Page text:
Getting Into Goats – Where Challenge Meets Opportunity

Bruce Vandenberg knows all about the challenges and opportunities of milking goats.

He got into the business in 1989 and over the past 25 years has built Mariposa Dairy Ltd., the second-largest processor of milk goat cheese in Canada.

Speaking at the 2016 Canadian Dairy XPO, Vandenberg explained that his home farm now milks about 1,200 goats and supplies 8% of the milk processed at Mariposa’s Lindsay, Ontario facility. The rest of the required milk is produced by 60 Ontario goat farms. Vandenberg chalks up much of Mariposa’s growth and success to a willingness to seize opportunities. “We had great partners and my wife and I were not afraid to pull the trigger. We jumped in with both feet,” he tells Real Agriculture in the interview below.

Ontario currently has 230 dairy goat milk farms. Over the next 10 years, Vandenberg sees tremendous growth opportunities in the province. He believes milk production will more than double; average milk production per animal will increase 25%; and most farms will milk between 300 and 1,000 goats.

Bruce Vandenberg, Mariposa Dairy

Bruce Vandenberg, president of Mariposa Dairy, believes Ontario goat milk production will more than double in the next 10 years.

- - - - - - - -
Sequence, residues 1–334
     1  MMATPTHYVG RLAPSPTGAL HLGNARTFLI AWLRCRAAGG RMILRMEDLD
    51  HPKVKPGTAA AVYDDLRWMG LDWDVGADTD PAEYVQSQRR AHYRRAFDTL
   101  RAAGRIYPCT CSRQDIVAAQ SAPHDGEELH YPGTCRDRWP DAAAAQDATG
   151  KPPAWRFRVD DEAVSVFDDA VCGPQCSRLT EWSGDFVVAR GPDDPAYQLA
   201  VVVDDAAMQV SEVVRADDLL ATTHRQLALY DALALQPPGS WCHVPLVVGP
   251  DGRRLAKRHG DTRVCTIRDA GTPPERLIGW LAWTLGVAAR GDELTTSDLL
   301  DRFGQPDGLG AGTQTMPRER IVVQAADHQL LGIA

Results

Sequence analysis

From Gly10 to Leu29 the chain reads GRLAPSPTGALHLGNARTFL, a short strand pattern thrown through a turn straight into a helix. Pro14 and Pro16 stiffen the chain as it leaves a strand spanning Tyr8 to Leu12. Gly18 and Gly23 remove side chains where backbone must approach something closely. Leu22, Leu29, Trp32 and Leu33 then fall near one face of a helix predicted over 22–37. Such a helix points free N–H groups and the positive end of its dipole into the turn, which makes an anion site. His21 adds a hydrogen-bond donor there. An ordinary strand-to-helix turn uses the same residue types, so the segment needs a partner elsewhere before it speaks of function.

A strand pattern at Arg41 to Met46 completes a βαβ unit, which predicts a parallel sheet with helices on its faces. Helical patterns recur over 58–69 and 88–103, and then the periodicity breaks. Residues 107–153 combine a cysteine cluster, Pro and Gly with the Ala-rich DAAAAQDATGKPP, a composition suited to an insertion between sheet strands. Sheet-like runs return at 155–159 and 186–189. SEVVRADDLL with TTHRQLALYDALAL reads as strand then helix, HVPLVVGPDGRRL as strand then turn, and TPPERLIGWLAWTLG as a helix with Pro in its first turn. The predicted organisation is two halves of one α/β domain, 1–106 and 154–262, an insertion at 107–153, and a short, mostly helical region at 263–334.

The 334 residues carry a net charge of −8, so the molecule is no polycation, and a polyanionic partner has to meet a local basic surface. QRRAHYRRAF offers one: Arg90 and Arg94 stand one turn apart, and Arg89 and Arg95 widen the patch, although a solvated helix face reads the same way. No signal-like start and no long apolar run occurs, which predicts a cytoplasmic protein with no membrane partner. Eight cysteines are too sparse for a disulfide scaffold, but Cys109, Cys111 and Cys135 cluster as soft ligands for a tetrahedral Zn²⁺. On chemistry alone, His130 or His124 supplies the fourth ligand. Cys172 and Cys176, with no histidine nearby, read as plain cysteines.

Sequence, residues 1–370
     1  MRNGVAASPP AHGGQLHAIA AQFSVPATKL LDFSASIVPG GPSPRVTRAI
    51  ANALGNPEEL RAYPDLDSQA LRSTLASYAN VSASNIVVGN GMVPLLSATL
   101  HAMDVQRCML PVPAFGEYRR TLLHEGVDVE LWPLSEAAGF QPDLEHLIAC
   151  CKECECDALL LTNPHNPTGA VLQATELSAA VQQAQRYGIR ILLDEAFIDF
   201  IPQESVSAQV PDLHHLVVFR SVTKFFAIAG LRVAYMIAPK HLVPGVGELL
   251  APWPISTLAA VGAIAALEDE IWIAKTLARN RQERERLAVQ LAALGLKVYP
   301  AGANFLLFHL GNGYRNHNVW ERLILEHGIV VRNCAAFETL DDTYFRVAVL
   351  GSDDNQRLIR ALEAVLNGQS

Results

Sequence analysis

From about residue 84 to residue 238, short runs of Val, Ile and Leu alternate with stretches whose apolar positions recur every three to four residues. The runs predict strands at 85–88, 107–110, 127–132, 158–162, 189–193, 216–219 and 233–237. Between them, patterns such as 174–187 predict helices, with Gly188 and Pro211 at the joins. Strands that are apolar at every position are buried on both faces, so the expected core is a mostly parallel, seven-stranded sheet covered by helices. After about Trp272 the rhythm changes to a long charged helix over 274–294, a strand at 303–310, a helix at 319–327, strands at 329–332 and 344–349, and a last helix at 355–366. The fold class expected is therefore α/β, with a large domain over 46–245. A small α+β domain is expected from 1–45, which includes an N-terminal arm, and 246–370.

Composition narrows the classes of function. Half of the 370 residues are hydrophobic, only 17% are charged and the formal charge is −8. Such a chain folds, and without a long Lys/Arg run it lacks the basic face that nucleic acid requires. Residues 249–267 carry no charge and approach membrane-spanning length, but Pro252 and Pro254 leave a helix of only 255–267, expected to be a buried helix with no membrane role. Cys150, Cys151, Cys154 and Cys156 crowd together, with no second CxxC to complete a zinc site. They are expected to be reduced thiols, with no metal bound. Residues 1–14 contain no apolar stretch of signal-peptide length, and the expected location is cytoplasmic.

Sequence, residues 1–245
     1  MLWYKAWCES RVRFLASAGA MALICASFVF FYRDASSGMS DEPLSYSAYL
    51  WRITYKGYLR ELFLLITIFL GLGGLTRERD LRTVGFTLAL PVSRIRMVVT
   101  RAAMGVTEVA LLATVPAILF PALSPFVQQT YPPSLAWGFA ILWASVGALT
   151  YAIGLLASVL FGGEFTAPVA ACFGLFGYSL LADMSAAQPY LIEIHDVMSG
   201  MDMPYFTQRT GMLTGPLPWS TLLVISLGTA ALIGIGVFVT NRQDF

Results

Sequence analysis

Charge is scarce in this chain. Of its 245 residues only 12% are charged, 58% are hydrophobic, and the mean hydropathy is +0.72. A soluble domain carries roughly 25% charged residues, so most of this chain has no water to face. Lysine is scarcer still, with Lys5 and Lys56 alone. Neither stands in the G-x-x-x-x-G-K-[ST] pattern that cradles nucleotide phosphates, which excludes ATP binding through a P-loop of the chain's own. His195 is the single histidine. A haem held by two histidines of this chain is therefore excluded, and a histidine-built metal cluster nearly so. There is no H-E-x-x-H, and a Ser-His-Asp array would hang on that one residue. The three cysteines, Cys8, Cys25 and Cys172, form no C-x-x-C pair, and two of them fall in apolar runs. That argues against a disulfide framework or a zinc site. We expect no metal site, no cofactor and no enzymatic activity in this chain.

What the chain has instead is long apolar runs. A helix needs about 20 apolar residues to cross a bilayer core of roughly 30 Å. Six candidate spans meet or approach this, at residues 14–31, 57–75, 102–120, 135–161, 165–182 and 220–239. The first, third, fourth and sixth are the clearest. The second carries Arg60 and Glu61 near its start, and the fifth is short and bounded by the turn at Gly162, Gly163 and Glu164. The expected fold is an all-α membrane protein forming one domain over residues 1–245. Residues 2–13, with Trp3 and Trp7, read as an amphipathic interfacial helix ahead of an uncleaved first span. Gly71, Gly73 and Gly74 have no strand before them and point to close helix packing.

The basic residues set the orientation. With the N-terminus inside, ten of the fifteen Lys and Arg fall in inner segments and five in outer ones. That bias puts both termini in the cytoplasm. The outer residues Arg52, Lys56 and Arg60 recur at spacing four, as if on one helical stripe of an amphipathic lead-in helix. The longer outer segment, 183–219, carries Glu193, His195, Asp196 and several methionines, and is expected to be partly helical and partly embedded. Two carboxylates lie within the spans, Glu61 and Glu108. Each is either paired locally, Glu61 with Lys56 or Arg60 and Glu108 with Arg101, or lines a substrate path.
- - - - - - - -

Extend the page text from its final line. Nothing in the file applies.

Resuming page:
Vandenberg notes that about 40% of restaurants now feature goat cheese on their menus and it’s difficult to keep up with demand. “The opportunity is immense, especially in the US. Certain places want to buy goat’s milk and we can’t supply it. They can’t get it anywhere else. They have to wait in line.”

Vandenberg says it’s important for prospective goat farmers to understand both the opportunities and challenges before they take the leap. Ontario has significant processing capacity. “We also have people who have been raised on cow farms that don’t have the opportunity to expand,” says Vandenberg. Those cow management skills are directly transferable to goat milk operations. Location is also important. Farms are clustered together nicely, which allows for milk trucks to pick up milk efficiently.

For farmers thinking about entering the industry, Vandenberg recommends a strong business plan. “The business is not supported by quota. It is a business that you have to generate cash to pay your bills,” he says. “Do a business plan and figure out the right fit. And make sure you have a partner who can help you because you’re on your own.”

Click here for more Canadian Dairy XPO coverage.

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